By Amit Sheth | October 20, 2020
At this year’s TEDxUofSC, Amit Sheth discussed faults in American health care and how emerging research in augmented personalized health can prevent many of system’s problems. Below is the transcript from his presentation.
Healthcare is complicated. Your body is a very complex machine, and when there’s a problem with it, it could be due to several causes. Even after a cause has been determined, in the United States, the patients’ access to their doctors may be limited by the rarity of their disease, health insurance, socioeconomic status, or geographic area.
I believe that it does not have to be that way.
I am an engineer and computer scientist, and I founded the Artificial Intelligence Institute at the University of South Carolina. Today I’d like to talk to you about augmented personalized health, our digital health system and artificial intelligence technologies that can help people with chronic health conditions manage their symptoms and prevent severe episodes, regardless of their in-person access to their doctor. Augmented personalized health provides increasingly more comprehensive support for a patient, starting with self-monitoring, then expanding to self-appraisal, self-management, intervention, and disease progression and tracking. This is patient empowerment. This is what patients deserve.
We believe that it should be easier to stay healthy, even if you are not wealthy, even if you live very far from your doctor, even if you are facing a chronic disease.
- Amit Sheth, Founding Director of the UofSC AI Institute
Augmented personalized health systems are being developed for several types of chronic illnesses, but today we are going to use asthma as our example.
Our system for asthma uses multiple tools, including a Fitbit, a peak flow meter, a mobile app, an indoor air quality monitor and web-based services. These are used to measure, record and monitor a patient’s activity, sleep, and breathing; symptoms and medications, environmental factors in their home like temperature, humidity, and smoking, and outdoor environmental factors like pollen count, ozone level, and the level of air-based particulate matter.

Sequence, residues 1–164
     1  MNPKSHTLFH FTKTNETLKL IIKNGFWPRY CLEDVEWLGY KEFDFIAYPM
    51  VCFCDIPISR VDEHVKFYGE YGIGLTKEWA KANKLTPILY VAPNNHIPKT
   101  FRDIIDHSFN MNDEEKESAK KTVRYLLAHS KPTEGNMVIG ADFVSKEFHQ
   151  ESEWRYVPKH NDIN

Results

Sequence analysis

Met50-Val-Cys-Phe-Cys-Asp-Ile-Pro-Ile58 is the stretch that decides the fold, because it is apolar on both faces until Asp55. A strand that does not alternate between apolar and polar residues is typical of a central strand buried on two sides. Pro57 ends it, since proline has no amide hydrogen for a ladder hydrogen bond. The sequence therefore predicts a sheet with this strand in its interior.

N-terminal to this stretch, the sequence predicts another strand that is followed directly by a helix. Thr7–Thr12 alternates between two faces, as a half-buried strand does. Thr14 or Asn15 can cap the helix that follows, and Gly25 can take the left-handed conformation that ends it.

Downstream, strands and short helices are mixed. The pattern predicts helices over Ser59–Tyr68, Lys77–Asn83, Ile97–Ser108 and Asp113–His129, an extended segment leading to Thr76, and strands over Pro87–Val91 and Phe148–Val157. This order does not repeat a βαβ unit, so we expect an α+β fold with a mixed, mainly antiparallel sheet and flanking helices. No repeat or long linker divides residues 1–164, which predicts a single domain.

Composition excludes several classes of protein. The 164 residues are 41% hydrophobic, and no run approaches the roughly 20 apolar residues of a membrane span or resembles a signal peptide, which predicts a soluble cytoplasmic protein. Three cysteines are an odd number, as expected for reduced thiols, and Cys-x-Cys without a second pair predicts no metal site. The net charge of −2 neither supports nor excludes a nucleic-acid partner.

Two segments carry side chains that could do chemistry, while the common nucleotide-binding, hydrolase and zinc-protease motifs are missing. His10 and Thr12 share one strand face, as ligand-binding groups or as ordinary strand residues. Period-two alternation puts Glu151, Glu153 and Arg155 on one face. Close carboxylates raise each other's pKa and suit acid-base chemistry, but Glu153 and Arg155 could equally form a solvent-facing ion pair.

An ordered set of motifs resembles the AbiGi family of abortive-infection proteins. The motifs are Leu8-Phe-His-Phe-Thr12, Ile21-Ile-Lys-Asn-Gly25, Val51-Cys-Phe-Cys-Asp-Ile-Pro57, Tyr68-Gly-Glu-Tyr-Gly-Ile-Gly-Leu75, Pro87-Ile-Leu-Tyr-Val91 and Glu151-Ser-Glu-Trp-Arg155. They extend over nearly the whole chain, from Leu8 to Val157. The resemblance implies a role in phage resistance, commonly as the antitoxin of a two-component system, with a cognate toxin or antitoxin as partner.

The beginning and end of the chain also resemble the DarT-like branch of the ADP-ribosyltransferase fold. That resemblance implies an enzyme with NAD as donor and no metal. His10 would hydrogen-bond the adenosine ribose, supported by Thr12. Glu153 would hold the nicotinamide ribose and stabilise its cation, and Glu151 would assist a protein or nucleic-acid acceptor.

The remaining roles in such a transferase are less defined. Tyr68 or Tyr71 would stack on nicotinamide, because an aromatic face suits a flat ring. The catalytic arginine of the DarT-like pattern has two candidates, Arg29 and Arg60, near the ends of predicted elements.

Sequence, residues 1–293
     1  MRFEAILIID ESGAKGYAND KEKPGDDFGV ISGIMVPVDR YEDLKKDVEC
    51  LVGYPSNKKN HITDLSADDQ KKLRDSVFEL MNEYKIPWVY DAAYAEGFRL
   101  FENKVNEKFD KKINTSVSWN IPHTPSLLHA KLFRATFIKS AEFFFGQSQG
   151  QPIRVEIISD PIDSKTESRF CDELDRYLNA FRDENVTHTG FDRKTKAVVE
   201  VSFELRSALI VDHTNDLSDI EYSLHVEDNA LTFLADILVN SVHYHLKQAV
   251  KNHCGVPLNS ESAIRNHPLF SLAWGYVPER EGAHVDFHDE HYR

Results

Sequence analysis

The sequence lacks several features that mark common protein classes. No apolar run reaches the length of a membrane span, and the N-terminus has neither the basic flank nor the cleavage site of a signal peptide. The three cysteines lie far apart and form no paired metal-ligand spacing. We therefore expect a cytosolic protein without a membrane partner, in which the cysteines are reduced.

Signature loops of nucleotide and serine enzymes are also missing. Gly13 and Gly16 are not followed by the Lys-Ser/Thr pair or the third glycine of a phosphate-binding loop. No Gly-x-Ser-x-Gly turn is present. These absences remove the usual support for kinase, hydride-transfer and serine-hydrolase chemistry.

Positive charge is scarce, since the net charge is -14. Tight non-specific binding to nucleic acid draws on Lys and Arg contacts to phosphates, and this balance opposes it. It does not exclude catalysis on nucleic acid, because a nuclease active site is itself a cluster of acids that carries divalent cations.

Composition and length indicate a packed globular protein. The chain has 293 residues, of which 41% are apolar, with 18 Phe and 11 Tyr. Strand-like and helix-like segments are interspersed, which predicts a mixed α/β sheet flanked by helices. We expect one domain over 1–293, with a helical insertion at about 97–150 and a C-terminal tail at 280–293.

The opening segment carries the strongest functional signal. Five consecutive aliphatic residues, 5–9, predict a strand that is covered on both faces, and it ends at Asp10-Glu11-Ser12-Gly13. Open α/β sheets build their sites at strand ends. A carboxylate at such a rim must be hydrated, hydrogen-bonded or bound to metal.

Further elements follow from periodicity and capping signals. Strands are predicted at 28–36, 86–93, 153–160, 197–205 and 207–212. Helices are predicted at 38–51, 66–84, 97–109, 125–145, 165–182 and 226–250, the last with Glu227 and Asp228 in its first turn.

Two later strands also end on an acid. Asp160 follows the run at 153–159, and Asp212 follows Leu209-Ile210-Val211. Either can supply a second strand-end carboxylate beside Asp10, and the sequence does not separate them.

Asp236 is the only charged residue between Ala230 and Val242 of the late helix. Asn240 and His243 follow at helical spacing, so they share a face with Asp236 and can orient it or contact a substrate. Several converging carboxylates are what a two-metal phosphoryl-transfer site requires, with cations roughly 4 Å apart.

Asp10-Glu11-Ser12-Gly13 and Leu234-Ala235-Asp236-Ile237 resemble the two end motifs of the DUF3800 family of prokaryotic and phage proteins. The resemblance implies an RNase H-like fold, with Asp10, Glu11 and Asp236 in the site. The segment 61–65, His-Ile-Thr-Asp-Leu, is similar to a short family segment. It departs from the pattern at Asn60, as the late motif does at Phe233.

This system can collect up to 1852 data points of 29 types for the patient every single day. On a personal scale, it fits the definition of big data.
These data points are stored and analyzed by the augmented personalized health system we have created and named “kHealth.” The K stands for, “knowledge.” Two types of knowledge are of particular interest. The first is knowledge about the patient such as his asthma-related history. This supports personalization. The second is medical knowledge about the disease. This provides the medical context for interpreting the data. For an asthma patient, kHealth can intelligently synthesize the collected data to identify potential triggers that worsen a patient’s condition; it can gauge the effectiveness of the preventative medication; it can inform the patient and the doctor when a patient fails to follow his or her preventative health protocols for exercise, medication, and diet.
The best way to introduce you to kHealth and its potential to improve lives is to introduce you to Amelia.
Amelia is 10-years-old. She lives with her mother in an urban neighborhood. Amelia’s asthma is classified as severe-persistent, which means that flare-ups occur regularly and usually last several days. Coughing and wheezing may disrupt Amelia’s normal activities and make it difficult to sleep. It can be really scary for a child and her family.
According to the standard protocol, Amelia sees the doctor once every three months. At each visit, she is given a physical examination and an Asthma Control Test: a 7-question, memory-based questionnaire that her doctor uses to gauge whether or not Amelia’s asthma is under control.
Once every three months.
For 90 days at a time, a 10-year-old is responsible for monitoring her asthma – a condition that can quickly turn deadly.
Each day Amelia is supposed to take inhaled corticosteroids as a controller medication, and she has a separate rescue medication to take via an inhaler when symptoms occur. The doctor has advised that regular use of controller medication will reduce the symptoms and the need for rescue medication.
Amelia has been hospitalized twice in the last year for asthma attacks. Those attacks and other less severe asthma episodes have resulted in her missing quite a few days of school. Those absences have put her a bit below the middle of the pack, educationally, even though she is an above-average student.
Amelia loves to play volleyball. She often plays her favorite sport outdoors with her team. One evening last spring, Amelia finished her volleyball practice, went home, ate her dinner and went to bed. A little past midnight, she was rushed to the ER after having an asthma attack. She recovered, but she missed three days of school and her mother is facing another copay for a visit to the emergency room.